What if you could see inside someone’s mind? It’s not possible to know exactly what another person is thinking, but neuroscientists from UCSD and UCSF are on their way. They created a “glass brain”: software that shows a person’s brain reacting to stimuli in real time. The implications for virtual reality and digital communication are tremendous, according to Philip Rosedale, the founder of Second Life, who has been collaborating with the neuroscientists.
“We’re trying to identify which critical factors can most help people feel like they’re face to face,” says Rosedale, whose new company, High Fidelity, is currently working on a next generation virtual world.
How to Remember Anything (runtime ~20 minutes)
For those who have never seen it: a totally useful Ted Talk by science journalist Joshua Foer (who is also the founder of the absolutely awesome Atlas Obscura). He talks about covering the U.S. Memory Championships where he learned how humans can train their brains to remember a lot in a little bit of time. But more importantly, he talks about why we ought to strengthen our memory in an age when one can outsource the storage of most information to the web.
Related: Last year, Clive Thompson published a fascinating book about how technology is changing the way we think (mostly for the better). Maria Popova reviewed it on Brain Pickings, covering some of his most important observations, namely: the difference in transparency between traditional public storehouses of information (i.e.: the public library) and modern storehouses (i.e.: the web). And in this context, we wrote a bit about the perils of algorithmic curation.
Scientists have grown the first mini human brains in a laboratory and say their success could lead to new levels of understanding about the way brains develop and what goes wrong in disorders like schizophrenia and autism.
“It didn’t matter if their significant other was an excellent hostess or intelligent, men were more likely to feel subconsciously worse about themselves when their female partner succeeded than when she failed, according to the study published online in the APA Journal of Personality and Social Psychology. However, women’s self-esteem was not affected by their male partners’ successes or failures, according to the research, which looked at heterosexual Americans and Dutch.”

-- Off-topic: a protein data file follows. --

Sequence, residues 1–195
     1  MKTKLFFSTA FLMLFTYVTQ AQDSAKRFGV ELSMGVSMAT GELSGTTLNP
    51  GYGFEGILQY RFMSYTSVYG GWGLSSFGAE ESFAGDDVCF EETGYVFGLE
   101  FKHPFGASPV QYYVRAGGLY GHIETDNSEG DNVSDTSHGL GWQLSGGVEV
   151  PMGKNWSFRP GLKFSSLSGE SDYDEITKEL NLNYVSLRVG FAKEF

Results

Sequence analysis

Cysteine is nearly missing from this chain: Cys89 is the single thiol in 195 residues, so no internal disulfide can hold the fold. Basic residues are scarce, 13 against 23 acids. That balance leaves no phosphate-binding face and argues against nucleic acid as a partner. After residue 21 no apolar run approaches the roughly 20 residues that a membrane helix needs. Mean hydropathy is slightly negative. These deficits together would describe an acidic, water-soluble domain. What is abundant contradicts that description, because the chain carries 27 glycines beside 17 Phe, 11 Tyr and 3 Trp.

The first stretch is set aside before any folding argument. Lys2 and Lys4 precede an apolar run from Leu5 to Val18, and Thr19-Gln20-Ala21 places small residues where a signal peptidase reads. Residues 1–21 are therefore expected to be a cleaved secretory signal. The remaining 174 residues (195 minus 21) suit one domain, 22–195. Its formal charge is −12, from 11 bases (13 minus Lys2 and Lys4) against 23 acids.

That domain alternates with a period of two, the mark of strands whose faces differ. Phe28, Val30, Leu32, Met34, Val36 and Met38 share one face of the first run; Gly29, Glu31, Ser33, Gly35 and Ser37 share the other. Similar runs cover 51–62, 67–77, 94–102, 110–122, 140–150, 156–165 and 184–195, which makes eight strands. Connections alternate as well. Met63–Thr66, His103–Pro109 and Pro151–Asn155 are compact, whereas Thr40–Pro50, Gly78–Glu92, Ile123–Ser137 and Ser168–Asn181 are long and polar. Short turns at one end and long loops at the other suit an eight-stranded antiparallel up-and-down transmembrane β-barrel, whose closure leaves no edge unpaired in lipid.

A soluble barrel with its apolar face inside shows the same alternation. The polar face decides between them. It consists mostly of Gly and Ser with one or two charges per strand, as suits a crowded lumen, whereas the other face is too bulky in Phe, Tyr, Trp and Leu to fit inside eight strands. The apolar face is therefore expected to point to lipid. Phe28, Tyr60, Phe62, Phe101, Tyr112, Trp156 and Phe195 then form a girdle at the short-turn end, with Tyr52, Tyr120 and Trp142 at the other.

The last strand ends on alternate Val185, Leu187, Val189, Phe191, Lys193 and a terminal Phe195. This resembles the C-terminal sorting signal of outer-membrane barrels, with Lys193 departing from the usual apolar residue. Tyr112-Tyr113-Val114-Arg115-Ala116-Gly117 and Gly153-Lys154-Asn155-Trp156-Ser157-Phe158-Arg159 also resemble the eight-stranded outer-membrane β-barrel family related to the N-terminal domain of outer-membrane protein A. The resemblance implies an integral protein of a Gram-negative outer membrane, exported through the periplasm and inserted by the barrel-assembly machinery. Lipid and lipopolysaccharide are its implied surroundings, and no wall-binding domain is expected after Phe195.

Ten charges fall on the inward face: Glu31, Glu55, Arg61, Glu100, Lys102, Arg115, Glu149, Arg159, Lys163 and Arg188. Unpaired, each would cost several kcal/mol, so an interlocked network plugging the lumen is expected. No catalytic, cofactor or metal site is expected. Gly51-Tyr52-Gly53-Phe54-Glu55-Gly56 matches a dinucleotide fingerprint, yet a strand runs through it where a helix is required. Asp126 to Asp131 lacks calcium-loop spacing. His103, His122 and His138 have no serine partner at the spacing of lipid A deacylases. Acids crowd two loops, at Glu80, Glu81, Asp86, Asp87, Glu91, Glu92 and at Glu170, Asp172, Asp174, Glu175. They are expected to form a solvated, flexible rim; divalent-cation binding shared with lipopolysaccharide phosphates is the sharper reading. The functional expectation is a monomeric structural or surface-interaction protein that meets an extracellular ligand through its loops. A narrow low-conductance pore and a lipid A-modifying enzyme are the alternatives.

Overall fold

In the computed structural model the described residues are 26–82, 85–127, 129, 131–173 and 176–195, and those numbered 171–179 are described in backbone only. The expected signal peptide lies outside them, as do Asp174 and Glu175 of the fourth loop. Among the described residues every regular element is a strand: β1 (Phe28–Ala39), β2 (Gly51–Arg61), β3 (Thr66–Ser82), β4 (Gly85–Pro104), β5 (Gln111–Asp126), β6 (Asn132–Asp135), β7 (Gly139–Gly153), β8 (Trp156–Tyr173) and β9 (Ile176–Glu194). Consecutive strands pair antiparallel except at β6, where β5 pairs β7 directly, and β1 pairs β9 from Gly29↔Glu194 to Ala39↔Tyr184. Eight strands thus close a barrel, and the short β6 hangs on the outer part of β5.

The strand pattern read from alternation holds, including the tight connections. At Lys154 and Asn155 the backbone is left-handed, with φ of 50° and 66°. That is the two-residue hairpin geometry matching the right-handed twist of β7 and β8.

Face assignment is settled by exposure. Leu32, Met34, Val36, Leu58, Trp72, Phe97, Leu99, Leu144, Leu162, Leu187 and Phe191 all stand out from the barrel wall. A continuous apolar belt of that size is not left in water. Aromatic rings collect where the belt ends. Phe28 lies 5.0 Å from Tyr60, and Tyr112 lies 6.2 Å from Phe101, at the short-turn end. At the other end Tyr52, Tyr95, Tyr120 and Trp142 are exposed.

“In one case, the subject travelled to New York, demanding to see the ‘director’ of the film of his life, and wishing to check whether the World Trade Centre had been destroyed in reality or merely in the movie that was being assembled for his benefit. In another, a journalist who had been hospitalised during a manic episode became convinced that the medical scenario was fake and that he would be awarded a prize for covering the story once the truth was revealed. Another subject was actually working on a reality TV series but came to believe that his fellow crew members were secretly filming him, and was constantly expecting the This-Is-Your-Life moment when the cameras would flip and reveal that he was the true star of the show.”
John Nelson is known for building extremely complex visualizations of weather patterns. But his latest creation is a simple animated GIF of 15 frames from NASA’s cloudless satellite photography collection. It’s essentially a year in the life of Earth.
Here, he shares why the visual is so haunting to him personally and to us collectively. We felt that his thoughts were simply too earnest to abridge.
HOW MARS GOT ITS GROOVES BACK Dubbed linear gullies, these long grooves appear on the sides of some sandy slopes during Martian spring. They have nearly constant widths, extend for as long as two kilometers, and have raised banks along their sides. Unlike most water flows, they do not appear to have areas of dried debris at the downhill end. A leading hypothesis — actually being tested here on Earth — is that these linear gullies are caused by chunks of dry ice breaking off and sliding down hills while sublimating into gas, eventually completely evaporating into thin air. Or, there are aliens. Aliens on Mars. And these are the tracks of their peers. (Photo: HiRISE, MRO, LPL (U. Arizona) via NASA APOD)
The level of the most important heat-trapping gas in the atmosphere, carbon dioxide, has passed a long-feared milestone, scientists reported on Friday, reaching a concentration not seen on the earth for millions of years.